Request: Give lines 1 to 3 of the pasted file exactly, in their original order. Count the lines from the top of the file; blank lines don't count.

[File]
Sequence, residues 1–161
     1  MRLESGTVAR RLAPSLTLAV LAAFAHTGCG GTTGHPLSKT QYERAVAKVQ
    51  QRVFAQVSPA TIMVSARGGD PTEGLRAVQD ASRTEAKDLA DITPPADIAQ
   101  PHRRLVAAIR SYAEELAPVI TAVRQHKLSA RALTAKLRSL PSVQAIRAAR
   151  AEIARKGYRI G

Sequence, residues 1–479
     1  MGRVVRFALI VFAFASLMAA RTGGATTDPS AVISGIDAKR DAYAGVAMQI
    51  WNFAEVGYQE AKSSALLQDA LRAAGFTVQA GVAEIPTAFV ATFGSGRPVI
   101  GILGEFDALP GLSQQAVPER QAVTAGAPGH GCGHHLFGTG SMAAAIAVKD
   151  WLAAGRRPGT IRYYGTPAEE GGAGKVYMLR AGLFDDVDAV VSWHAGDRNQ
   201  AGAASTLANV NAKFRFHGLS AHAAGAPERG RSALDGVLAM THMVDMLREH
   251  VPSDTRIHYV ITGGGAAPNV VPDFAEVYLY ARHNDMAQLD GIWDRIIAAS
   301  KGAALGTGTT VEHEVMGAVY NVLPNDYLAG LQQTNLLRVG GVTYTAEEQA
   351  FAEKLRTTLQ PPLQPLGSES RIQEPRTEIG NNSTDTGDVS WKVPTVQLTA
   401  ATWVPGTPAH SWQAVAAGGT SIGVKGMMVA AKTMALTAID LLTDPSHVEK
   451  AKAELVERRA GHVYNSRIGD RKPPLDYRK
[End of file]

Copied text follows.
Sequence, residues 1–161
     1  MRLESGTVAR RLAPSLTLAV LAAFAHTGCG GTTGHPLSKT QYERAVAKVQ
    51  QRVFAQVSPA TIMVSARGGD PTEGLRAVQD ASRTEAKDLA DITPPADIAQ